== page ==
Threading the Needle of Civic Compromise: Needle Exchange in Santa Cruz

800px-Syringe_with_needle_and_needle_cap

Last week at the Board of Supervisors meeting I was pleasantly surprised to see what has become a rather rare site in Santa Cruz politics – a sensible and constructive compromise. Even more astonishing considering the issue being addressed, the controversial (though some would disagree with this characterization) needle exchange program. For what has been considered by many as the focal point issue of public safety in our community, if only largely symbolic, the needle exchange has spurred a huge amount of public discourse that has touched on a number of important themes. From understanding the nuances of public health policy, to determining the efficacy of harm-reduction as a strategy; from debating the morality of enabling drug users, to weighing the practical considerations of tangible impacts on neighborhoods; from having to discern a true to life picture of what is going on by analyzing competing statistics, to acknowledging the limits of government services and policy; this issue is emblematic of many of the tough choices and conversations that need to happen in order for the civic process to be effective. And though many had their doubts and had organized their respective constituencies to be prepared for the worst, level heads did indeed prevail.

For those of you who are still unfamiliar with the Needle Exchange (formerly known as the Syringe Services Program, or SSP for short), it is a public health policy and service that allows intravenous drug users to exchange used syringes for clean ones, with the primary intent of combating the spread of disease, mainly HIV/AIDS and Hepatitis. Prior to April of last year, multiple non-profits had managed various needle exchange sites, including a mobile exchange, under the guidance of state and county regulations. However, as more and more used needles began to appear in public spaces, the county Health Services Agency (HSA) took control of the program last April, managing two exchange sites and two self-serve kiosks for disposal. Since then, there have been accusations levied at specific procedures and calls to “reform” the program by groups and individuals alike.

Last Tuesday, at the April 15th Board of Supervisors Meeting, the HSA offered their first public report on the program, and a report from an advisory committee specifically charged with program oversight. Of specific concern were really two questions:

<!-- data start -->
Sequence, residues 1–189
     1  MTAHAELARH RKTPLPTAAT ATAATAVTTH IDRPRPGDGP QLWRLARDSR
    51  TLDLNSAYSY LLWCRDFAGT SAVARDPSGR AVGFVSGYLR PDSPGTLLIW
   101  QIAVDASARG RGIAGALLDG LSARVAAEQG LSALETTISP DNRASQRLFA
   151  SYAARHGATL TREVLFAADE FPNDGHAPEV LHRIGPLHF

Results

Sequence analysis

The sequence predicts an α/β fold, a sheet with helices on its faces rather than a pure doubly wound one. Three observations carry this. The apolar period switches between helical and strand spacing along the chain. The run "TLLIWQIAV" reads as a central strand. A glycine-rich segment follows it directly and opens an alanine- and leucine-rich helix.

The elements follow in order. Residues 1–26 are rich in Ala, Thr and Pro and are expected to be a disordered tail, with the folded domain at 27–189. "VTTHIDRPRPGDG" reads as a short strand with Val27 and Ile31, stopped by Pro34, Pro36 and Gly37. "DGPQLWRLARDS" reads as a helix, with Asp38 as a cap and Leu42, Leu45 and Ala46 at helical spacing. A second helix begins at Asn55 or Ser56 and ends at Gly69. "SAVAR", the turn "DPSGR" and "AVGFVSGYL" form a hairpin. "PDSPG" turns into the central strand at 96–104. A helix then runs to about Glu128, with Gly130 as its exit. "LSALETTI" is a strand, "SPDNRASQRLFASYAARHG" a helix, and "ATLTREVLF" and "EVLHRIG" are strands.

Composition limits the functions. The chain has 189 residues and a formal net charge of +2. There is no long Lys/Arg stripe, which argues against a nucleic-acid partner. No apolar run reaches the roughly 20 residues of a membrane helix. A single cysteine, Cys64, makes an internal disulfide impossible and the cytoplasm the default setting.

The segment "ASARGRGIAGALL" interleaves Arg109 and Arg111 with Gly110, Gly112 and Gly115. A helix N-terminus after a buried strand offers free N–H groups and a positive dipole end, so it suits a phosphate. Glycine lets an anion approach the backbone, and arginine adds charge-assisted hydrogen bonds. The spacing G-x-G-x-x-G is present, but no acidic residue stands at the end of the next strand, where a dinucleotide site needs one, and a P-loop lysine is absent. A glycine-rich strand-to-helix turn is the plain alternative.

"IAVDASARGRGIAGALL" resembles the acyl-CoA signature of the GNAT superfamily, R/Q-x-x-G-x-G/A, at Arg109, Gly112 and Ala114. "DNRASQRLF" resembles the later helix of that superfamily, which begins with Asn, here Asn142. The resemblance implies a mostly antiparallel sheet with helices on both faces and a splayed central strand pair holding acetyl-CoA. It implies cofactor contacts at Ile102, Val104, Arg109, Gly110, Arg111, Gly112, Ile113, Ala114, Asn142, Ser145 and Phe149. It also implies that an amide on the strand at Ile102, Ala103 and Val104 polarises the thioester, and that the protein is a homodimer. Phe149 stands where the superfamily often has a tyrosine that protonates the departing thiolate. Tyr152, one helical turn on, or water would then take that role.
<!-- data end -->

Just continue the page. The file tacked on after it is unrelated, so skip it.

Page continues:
• Has the needle exchange been effective, from a public health standpoint, at preventing the spread of disease through injection drug use?
  • Are there specific reforms that could be implemented, both with regards to the program and county health policy in general, that will reduce the direct and tangible impact of used needles on the community.

    Used needles deposited by patients at the Santa Cruz County Health Clinic (Photo: Santa Cruz Sentinel)

    Used needles deposited by patients at the Santa Cruz County Health Clinic (Photo: Santa Cruz Sentinel)

The answers to both these questions are yes. There is no doubt, both from the HSA report and countless other studies that have been conducted on needle exchange programs, that these programs do reduce the spread of disease associated with injection drug use. And yes, there are reforms in policy and practice that will more than likely (though it still remains to be seen) reduce the burden of discarded needles in public spaces.

And I was proud, as both a policy wonk and a caring member of our community, to see this nuanced discussion over public policy end in a unanimous vote by our elected leaders to assess (not yet implement) multiple recommendations for moving forward with the program. These recommendations are as follows: